Node.js is one good solution. It uses only one thread for your server and everything runs within it. When the requests come flying in, Node.js takes them one at a time and hands them to the single function that was specified when the server is invoked. If you thought that a Java Server Page, a Java Servlet, or a PHP file was a lightweight way of building a website, you'll be impressed with the efficiency of this:
What? If you're going to point out that a JSP or PHP file may be as simple as the words "hello world," stop right there. You have to think beneath the surface and remember everything that the Java Servlet container or PHP server does for you. You may just write "hello world" in a JSP, but Java will burn 2MB of RAM creating a thread that supports the code that will eventually output the thread "hello world." The JSP might seem simple, but it's not.
Node.js does very little except grab the incoming request, call the function website, and marshal the results out the door. This single-mindedness lets it juggle all of the requests hammering at the port and dispatch them quickly.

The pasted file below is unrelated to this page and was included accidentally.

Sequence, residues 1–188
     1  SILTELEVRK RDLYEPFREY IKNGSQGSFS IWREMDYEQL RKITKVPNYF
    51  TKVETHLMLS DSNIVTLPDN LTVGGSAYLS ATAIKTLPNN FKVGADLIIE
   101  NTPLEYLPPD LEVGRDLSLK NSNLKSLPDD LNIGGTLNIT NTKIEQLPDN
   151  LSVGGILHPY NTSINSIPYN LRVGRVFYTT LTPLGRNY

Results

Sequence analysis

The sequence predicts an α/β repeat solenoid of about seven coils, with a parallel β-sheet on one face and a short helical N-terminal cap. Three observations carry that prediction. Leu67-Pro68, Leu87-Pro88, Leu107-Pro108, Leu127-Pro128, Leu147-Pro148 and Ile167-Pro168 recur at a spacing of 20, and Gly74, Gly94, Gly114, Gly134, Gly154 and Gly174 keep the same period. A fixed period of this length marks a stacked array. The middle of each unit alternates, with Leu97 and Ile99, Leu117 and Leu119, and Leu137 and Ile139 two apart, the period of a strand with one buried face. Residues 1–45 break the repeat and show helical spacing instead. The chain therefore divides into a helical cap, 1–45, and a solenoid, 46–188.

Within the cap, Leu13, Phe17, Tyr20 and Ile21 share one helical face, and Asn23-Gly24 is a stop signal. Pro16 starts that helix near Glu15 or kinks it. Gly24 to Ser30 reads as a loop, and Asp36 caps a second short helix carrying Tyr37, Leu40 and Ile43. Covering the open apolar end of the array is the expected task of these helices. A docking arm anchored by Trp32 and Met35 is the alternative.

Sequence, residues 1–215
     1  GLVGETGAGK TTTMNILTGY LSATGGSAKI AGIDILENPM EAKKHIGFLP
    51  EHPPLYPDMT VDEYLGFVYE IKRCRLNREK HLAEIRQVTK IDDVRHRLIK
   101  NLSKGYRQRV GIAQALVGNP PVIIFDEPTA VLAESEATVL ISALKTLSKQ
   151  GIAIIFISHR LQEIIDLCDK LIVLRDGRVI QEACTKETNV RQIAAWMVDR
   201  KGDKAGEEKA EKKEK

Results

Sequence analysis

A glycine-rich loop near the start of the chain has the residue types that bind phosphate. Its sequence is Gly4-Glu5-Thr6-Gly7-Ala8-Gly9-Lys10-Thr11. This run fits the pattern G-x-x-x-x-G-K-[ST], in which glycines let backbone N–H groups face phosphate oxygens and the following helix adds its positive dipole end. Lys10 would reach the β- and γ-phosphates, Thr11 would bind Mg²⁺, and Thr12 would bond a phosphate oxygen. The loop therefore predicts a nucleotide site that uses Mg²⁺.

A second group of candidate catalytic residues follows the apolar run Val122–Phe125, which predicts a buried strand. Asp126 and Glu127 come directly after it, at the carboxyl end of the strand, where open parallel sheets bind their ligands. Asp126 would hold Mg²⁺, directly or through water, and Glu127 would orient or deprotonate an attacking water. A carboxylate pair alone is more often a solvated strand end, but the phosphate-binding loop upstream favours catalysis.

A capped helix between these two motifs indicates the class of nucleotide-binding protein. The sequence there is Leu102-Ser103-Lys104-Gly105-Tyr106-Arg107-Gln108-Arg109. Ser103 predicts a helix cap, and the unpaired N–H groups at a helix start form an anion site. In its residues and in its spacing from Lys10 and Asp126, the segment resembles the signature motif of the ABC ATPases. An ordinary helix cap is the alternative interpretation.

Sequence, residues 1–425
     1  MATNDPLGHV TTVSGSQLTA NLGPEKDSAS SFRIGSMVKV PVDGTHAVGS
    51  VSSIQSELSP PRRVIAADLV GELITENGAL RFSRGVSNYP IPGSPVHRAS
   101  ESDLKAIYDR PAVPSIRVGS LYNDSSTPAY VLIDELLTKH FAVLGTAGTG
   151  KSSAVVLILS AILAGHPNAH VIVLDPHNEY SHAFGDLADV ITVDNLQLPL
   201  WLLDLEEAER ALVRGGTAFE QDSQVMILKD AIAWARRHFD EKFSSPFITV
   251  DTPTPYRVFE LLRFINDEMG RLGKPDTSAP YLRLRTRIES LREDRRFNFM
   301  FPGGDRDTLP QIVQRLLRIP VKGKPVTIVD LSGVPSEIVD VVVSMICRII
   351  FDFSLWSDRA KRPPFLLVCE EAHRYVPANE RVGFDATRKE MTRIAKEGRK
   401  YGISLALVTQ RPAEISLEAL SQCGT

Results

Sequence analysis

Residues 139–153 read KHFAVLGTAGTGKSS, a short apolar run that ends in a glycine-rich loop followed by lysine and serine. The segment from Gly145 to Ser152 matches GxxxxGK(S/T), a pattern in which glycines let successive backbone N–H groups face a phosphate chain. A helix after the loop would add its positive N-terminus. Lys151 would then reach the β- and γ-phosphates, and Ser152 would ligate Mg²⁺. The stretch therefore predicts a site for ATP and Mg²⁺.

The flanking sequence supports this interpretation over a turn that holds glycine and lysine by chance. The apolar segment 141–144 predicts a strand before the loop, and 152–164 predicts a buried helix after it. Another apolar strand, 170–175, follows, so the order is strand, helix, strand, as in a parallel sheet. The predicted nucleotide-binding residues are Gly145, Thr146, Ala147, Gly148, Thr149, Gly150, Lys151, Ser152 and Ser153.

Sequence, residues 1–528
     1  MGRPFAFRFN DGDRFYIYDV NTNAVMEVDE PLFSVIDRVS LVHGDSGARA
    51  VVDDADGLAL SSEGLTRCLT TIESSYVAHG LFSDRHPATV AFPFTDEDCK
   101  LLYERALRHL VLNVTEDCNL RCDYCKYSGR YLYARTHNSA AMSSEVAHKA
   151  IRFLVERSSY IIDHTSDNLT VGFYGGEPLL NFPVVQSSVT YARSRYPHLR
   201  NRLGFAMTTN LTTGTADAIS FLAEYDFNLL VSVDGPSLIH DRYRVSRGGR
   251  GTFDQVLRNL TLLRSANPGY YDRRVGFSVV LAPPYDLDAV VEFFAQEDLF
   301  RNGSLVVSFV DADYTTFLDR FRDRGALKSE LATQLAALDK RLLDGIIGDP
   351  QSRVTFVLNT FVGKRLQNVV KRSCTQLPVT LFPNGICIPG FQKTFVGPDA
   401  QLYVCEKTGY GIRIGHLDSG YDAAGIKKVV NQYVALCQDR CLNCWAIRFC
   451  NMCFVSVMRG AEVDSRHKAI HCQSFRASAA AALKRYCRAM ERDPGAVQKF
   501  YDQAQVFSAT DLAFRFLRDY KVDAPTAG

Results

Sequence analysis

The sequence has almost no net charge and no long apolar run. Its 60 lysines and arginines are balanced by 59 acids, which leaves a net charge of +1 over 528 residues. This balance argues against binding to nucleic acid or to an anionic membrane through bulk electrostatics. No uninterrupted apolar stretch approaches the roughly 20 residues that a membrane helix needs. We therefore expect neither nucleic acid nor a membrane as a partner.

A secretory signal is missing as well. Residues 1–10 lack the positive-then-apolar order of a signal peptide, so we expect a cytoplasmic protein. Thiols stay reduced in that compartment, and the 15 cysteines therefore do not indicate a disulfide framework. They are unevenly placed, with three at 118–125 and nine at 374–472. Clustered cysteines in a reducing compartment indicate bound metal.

I've seen standard-issue desktop machines easily handle thousands of requests more or less simultaneously. The data goes in and out like lightning because everything is handled in RAM and probably in the cache. Simple websites are surprisingly efficient.
But it's important to recognize that some of this lightning speed comes from leaving out other features. Running everything in one thread means everything can back up if that thread gets overloaded. All of the work that Java spends on putting clean, fresh sheets on the bed really pays off if one thread takes a long time to finish.
To make this happen, I created a simple server that takes a value "n" and adds up all of the numbers between 1 and n. This, by the way, is a purely CPU-bound operation that should use only two registers. It can't get hung up by waiting for RAM or the file system. The server was just as fast as before. I had to feed my underpowered desktop (1.83GHz Intel Core Duo) numbers like n=90000000 before it seemed to pause at all. That's a 9 with seven 0s after it. The answer had 16 digits in it.
When I fed fat numbers to the server, I found that all of the other requests would get in line behind it. When the workload is short, Node.js seems to be multitasking because it gets done with everything so quickly. But if you find an item that weighs down the server, you can lock up everything in a queue behind it.